There are no lifts for the Germans who have taken to the highways. They trudge, and keep on trudging. Or men and women take turns between the shafts of a cart when no horse is available; nothing on wheels has been written off as useless, says John Gilbert, correspondent of The Star.
You can drive along Germany's great highways hour after hour without seeing a car. Private motoring is now only a memory. All German cars, except, perhaps, those still hidden, have gone into the Allied pool, reserved mainly for essential civilian work in the towns. Doctors are provided for. Public officials who must travel may also draw on the pool.
There have been long spells during a 200-mile run when my jeep has had the road entirely to itself. A convoy of Army lorries lumbers past, and then again we are alone till we catch up with straggling horse or ox wagons taking land workers to the fields, transporting families to homes from which they have fled, or packed with Hitler's slaves, who again know the meaning of freedom.
The mass movement of German civilians who were swept forward by the retreating Nazis has ended. Today we are seeing the tail of a fantastic procession. Nothing on wheels has been written off a worthless. Where it has been impossible to find horse or oxen, men and women take turns between the shafts. For others it is a footlogging business all the way—men with pack on back and bundle in each hand, women pushing overloaded prams, with child or two trailing behind; whole families on the move, with mounds of luggage piled on the strangest collection of handcart I have ever seen.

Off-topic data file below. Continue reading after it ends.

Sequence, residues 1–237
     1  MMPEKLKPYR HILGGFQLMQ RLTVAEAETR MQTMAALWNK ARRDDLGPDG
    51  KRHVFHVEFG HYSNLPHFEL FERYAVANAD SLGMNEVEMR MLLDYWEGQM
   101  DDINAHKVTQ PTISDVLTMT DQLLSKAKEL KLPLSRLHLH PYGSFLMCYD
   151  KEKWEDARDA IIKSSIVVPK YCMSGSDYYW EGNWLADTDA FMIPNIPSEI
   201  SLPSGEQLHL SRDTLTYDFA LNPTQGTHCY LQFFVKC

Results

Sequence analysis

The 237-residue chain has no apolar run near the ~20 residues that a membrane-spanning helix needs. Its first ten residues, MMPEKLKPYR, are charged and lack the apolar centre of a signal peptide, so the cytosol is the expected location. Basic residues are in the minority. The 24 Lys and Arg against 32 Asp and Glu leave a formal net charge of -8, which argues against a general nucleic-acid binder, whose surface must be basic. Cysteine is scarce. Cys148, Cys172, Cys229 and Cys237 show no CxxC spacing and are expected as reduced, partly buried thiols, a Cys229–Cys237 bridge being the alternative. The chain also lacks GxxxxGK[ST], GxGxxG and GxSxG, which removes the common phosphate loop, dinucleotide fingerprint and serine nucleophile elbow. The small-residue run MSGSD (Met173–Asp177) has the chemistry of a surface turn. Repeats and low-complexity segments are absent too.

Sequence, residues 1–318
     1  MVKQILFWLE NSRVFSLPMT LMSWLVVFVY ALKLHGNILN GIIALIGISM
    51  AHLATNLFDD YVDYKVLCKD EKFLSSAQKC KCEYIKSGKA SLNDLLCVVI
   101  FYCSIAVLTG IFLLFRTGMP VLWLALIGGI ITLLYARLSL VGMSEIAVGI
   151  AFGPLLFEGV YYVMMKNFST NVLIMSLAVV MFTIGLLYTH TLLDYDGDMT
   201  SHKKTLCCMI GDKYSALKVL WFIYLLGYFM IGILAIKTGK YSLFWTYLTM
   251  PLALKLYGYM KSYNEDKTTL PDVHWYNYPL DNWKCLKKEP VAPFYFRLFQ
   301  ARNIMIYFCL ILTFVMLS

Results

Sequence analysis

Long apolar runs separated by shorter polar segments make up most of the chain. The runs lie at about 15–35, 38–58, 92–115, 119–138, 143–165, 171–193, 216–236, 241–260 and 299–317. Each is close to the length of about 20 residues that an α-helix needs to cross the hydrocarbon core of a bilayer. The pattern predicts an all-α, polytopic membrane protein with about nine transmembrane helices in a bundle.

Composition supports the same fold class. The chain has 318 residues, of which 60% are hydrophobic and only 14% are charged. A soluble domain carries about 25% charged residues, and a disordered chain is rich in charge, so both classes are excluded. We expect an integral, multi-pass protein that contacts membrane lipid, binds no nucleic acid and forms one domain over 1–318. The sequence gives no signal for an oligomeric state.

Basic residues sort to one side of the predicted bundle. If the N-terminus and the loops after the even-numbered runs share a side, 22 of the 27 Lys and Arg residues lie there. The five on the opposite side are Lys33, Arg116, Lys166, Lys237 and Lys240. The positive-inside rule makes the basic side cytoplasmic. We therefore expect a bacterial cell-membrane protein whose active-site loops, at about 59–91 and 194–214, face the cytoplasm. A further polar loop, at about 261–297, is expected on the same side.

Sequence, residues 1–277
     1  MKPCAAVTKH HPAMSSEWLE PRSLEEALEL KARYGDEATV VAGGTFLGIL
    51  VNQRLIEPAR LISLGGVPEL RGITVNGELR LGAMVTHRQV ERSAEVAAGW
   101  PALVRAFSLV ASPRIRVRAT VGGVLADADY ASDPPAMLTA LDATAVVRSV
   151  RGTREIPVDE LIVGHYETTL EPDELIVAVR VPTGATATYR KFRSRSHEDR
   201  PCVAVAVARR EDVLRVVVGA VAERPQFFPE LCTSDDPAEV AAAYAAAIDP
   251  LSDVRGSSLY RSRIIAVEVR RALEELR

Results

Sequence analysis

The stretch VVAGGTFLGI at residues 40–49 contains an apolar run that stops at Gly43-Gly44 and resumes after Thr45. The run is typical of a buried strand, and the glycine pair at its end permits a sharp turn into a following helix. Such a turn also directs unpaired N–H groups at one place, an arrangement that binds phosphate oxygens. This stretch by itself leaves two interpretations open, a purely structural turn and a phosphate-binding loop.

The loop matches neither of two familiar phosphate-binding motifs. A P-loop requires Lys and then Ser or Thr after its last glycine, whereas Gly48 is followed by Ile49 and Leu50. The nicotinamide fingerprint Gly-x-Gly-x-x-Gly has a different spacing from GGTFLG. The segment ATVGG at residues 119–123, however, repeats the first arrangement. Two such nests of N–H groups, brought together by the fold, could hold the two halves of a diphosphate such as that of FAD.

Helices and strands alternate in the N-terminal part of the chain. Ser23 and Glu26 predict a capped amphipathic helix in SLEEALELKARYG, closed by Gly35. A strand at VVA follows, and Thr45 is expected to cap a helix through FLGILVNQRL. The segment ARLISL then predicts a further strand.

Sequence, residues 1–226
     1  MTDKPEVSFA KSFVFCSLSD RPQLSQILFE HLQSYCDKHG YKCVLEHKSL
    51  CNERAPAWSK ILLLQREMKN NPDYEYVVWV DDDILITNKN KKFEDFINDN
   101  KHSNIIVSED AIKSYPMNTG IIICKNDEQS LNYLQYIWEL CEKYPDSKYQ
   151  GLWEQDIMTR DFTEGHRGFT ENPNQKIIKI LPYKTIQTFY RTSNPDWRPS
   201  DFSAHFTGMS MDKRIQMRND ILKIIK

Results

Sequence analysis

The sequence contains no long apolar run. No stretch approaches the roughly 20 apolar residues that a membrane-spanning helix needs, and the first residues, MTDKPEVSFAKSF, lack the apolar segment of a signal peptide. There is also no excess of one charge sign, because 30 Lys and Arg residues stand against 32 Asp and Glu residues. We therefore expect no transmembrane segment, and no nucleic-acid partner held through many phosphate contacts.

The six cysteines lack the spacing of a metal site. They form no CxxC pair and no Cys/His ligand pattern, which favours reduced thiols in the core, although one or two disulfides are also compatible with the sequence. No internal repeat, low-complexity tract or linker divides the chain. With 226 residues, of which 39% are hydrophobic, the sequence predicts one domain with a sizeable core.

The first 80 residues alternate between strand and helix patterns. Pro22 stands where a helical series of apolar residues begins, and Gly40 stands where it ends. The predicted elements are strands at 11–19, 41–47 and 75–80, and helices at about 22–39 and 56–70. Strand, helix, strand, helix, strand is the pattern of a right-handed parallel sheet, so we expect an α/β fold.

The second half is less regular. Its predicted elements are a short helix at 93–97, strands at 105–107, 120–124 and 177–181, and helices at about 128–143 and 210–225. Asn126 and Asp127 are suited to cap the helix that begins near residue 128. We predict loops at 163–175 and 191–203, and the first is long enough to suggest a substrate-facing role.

Hitch-hiking would provide relief for those with blistered feet on the roads of England. There are no lifts for Germans who take to the highways. “It's tough on the kids.” my driver says, thinking of his own family in California, “but it was tougher on the kids in Russia, Poland, France, Belgium and other places, where the Germans plastered the road with bombs and cannon fire.”
He obviously does not find non-fraternization easy when he looks into the smiling, appealing eyes of children. With him, as with so many more, it is an eternal conflict between heart and reason. Men and women deported by German armies, and forced to toil on farms and factories, no longer swarm on the roads. They have been persuaded to remain in the camps set up for them, and await their turn to be sent home in comparative comfort. Trains leave concentration points daily, with German crews working under direction of Allied officers.
Sometimes the waiting brings romance. In one town through which I passed, German women interrupted their shopping to line the street as a bridal party passed along in two carriages, each drawn by a pair of prancing horses. The bride, a Pole, and her bridemaids were in white. The bridegroom, too, came from Poland. A military policeman, who halted me at the crossroads, grinned and said, “A swell little wedding! I guess I've got just such a date when I collect enough points to land me back in the States!”